Montreal·Creator Network

Whatever happened to Sin City? The dimming of Montreal's neon signs

When the giant Super Sexe sign displaying three flying red-caped, bikini-clad women was consumed by fire in 2021, video artist Arizona O'Neill mourned the loss of another downtown Montreal icon. She looks back on a bygone era when the city was bathed in neon lights.

In Signs of Love, Arizona O'Neill celebrates the bygone landscape of Paris of the North

Signs of Love

3 months ago
Duration 8:04
For CBC Creator Network, video artist Arizona O'Neill looks back on a bygone era when Montreal was bathed in neon lights.

This video was produced by Arizona O'Neill as part of the CBC Creator Network. Learn more about the Creator Network here.

I was born in Montreal at the end of the last millennium. Growing up in this storied city, I have always been startled by images of what its downtown looked like in the century before I was born. 

Up until the 1970s, Ste-Catherine Street was aglow with neon signs of all descriptions. There wasn't a building that didn't have a giant unique sign covered in light bulbs, breathless words, winking ladies. 

Looking at photographs from that era, I find myself wishing the city was still that visually stimulating. The neon signs are gone, replaced by corporate logos as far as the eye can see. 

Illustration of the old sign for Montreal strip club Super Sexe
The old sign for Montreal's Super Sexe strip club was destroyed in a fire in 2021. (Arizona O'Neill)

Signage decorates and defines the urban landscape, and Montreal is coming close to looking like every other North American city. 

How did we get this way? What happened to all of Montreal's breathtaking neon signs?

When the giant Super Sexe sign displaying three bikini-clad women with red capes flying through the sky was destroyed by fire in the fall of 2021, I mourned the loss of an icon of Ste-Catherine Street's bawdy history. 

I decided to look into the disappearance of downtown's signs. 

Illustration of a woman in a giant champagne glass with a well dressed man and woman watching.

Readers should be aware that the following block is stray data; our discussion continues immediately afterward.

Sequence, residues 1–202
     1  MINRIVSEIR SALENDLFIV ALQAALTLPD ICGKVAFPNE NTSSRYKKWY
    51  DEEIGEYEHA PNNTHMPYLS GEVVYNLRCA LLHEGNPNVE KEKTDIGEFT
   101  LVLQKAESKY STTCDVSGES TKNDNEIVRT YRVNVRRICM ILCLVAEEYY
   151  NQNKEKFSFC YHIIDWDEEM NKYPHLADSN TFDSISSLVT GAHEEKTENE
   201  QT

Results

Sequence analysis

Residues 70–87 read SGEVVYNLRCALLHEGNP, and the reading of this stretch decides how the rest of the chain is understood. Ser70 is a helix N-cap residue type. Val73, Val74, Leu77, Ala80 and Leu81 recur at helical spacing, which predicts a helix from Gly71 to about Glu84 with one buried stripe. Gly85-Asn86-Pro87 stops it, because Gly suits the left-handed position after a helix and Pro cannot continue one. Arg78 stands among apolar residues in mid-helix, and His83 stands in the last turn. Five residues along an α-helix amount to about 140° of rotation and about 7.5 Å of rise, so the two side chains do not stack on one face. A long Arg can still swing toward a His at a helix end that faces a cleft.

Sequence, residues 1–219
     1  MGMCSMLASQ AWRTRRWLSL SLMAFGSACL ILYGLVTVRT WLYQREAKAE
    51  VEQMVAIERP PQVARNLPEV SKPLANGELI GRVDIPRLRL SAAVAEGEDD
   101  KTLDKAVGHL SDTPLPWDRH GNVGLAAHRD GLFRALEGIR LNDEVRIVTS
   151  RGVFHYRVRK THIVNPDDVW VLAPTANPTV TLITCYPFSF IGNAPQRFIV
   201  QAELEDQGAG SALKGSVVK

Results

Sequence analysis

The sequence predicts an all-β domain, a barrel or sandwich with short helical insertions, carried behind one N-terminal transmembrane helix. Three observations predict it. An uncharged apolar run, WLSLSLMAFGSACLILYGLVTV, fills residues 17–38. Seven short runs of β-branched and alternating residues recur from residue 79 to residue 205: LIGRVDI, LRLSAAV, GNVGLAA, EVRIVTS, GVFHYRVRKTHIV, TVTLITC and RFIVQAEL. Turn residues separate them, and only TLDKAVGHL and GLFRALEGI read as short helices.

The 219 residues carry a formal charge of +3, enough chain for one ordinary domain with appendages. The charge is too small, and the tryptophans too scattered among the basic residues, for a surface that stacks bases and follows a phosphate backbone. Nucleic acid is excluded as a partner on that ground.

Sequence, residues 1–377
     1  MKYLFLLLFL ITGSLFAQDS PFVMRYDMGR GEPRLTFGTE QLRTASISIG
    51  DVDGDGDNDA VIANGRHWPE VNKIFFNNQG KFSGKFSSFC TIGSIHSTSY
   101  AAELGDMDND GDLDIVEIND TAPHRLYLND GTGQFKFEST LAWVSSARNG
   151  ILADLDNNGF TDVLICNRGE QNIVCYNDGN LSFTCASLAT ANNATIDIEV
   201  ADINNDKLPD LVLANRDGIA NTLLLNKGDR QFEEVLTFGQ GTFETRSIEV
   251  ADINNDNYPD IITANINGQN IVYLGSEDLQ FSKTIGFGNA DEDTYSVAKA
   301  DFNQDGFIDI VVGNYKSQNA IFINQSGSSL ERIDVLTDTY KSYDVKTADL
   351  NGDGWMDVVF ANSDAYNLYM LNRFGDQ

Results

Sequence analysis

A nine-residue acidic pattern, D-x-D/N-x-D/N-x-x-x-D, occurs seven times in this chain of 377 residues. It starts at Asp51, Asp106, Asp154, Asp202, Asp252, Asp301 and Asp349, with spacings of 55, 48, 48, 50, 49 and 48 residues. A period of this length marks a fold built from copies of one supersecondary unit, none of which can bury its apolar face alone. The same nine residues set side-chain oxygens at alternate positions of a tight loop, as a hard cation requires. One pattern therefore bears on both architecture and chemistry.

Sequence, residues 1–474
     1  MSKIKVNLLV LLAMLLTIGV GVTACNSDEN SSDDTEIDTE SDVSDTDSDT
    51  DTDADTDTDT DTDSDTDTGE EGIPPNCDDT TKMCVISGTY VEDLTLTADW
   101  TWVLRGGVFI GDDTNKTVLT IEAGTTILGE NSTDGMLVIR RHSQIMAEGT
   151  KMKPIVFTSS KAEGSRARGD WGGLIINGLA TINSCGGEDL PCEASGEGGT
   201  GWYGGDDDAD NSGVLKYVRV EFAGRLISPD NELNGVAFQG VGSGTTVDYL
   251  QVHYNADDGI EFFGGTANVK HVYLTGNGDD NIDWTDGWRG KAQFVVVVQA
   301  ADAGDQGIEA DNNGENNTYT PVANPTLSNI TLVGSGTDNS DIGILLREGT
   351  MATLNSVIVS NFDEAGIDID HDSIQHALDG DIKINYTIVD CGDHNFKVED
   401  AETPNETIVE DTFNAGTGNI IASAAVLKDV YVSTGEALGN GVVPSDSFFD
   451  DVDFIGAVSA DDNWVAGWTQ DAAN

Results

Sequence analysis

During the Prohibition era, Montreal was known as Paris of the North — but also as Sin City. (Arizona O'Neill)

Whenever you look into Montreal's history, the answer is always more surprising than anything you might have imagined. It turns out that language politics and an attempt to rebrand the city's image both played a role in the dimming of our neon constellations. 

Dive into the history with me. 

Let's start in the 1920s, when our party town was nicknamed Sin City — where the alcohol flowed, the girls danced all night long and the gangsters rubbed shoulders with the regulars at the Montreal Pool Room, eating hotdogs.

The Creator Network, which works with emerging visual storytellers to bring their stories to CBC platforms, produced the piece. If you have an idea for the Creator Network, you can send your pitch here.


Arizona O'Neill

Freelance contributor

Arizona O'Neill is a Montreal-based multidisciplinary artist whose videos have been exhibited online, in gallery settings, in apartments, on CBC and on street corners. She has created original videos for artists such as Walter Scott, Laurence Philomene and Patrick Watson, and her monthly illustrations for Drawn & Quarterly are on display at the Mile End bookstore. O'Neill has edited two anthologies: one composed of cat illustrations and the other, reinterpretations of Victorian dating manuals. Her book of illustrated interviews with celebrated and controversial Quebec artists, Est-ce qu'un artiste peut être heureux, was released in December 2022.